September 27, 2010 11:46 AM

 

                                     Enlarge Image             Cancer researcher passionate about work -      

There are many cliches concerning the frustrations of research.

One says it’s like taking one step forward and two steps back. Another likens it to walking up several alleys to see whether      they are blind.   

I am a clinician. Every time I see a patient, I have as many questions as I have answers. That is the mark of an academician.

I am plagued with wondering about the prevalence of disease patterns, the virulence of particular organisms, or the etiology      of any given pathology over time. But academic curiosity and a career in research are really two different beasts.   

Research often involves a lifelong search for the answer to one or two questions about a single disease process. What keeps      these researchers going?   

A few months ago, I treated a middle-aged, soft-spoken researcher at the Arthur G. James Cancer Hospital. He came in with      his wife after developing an irregular heartbeat.   

We felt that we could get his heart straightened out then and there with little risk to the patient. Our hope was to avoid      the complications of excessive strain on his heart and the pitfalls of having to place him on blood thinners.   

After a brief discussion, we agreed to sedate him and give his heart a little jolt of electricity.

The method of sedation we chose acts primarily as an amnestic, wiping out the patient’s memory of the procedure itself and      usually cleaning the memory for minutes before and after the procedure as well.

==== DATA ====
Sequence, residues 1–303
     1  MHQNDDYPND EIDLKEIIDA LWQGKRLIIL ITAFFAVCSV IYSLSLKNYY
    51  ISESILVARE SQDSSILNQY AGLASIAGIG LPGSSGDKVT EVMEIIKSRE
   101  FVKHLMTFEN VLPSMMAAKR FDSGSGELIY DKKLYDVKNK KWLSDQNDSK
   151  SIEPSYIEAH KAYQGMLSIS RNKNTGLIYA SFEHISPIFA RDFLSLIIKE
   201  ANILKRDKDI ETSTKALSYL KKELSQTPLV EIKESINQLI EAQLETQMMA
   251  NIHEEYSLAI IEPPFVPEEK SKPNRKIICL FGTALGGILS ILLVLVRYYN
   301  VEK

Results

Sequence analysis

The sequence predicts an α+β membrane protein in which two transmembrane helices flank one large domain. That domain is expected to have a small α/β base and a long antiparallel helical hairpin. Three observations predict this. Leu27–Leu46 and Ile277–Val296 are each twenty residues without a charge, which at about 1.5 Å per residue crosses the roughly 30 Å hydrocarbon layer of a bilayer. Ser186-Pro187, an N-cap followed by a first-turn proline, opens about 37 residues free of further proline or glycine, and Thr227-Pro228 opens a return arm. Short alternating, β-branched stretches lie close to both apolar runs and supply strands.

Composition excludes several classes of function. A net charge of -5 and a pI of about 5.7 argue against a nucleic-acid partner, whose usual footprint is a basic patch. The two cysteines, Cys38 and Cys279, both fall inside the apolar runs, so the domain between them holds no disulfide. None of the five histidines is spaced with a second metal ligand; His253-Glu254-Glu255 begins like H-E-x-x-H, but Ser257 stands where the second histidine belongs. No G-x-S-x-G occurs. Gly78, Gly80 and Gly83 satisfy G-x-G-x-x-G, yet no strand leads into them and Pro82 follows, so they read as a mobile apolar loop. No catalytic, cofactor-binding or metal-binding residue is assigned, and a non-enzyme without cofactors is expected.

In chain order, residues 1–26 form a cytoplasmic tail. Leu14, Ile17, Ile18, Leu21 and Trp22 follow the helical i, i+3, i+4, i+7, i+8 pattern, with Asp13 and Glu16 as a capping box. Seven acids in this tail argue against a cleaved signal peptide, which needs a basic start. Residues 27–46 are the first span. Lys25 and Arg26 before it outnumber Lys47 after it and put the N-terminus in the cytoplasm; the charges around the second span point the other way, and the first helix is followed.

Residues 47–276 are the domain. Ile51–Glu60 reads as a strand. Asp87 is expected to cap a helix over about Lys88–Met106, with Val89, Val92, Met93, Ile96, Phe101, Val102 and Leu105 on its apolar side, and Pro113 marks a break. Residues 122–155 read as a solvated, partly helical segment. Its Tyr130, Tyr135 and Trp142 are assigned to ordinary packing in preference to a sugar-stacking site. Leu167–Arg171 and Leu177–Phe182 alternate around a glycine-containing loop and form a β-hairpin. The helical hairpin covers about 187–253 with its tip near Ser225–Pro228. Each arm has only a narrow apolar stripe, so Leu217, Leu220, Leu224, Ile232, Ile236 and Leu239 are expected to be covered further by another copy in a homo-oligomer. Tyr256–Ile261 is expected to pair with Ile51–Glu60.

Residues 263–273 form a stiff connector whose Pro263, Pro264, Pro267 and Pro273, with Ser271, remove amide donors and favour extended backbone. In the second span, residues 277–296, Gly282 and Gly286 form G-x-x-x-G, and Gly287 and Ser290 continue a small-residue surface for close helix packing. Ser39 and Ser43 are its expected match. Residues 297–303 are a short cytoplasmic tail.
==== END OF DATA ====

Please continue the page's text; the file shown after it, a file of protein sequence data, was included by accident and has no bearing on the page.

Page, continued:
The specific agent we chose also acts a bit like a truth serum. Handsome residents, when administering the drug, can get marriage      proposals from their patients. Fears, dreams, desires, dislikes and prejudices are offered up without hesitation.   

As caregivers, we try to ignore these peeks into the subconscious, instead focusing on the medical mission at hand.

But as we sedated my patient for the procedure, I was surprised at the peek we all got into his subconscious. This quiet,      unassuming man began to speak with urgency and passion.   

His focus was singular. He spoke only of leukemia.

He spoke of a unified cellular theory for the origin of leukemia. He spoke of desperately needing to find the answer to this      disease. He spoke of being on the verge of discovery, of just needing to work harder to see the picture more clearly.   

As his voice rose, it was clear to his caregivers that he was overcome with the passion of a career driven to find the answer.

The procedure went well. After he awakened, his wife joined him in the room, and we told them the procedure was successful.      I did mention that I had never heard a response like his  after sedation.   

Neither seemed surprised. What else would he talk about? What else was the major focus of his life?

I think about his drive and determination every time I see a patient with a blood disorder now. I think how lucky we are in      medicine to have researchers who not only ask the questions but also seek the answers and will not give up until they find      them.   

My deepest thanks to Dr. Guido Marcucci for allowing me to recount his story.

Dr. Diane Gorgas is an emergency physician at Ohio State University Medical Center.

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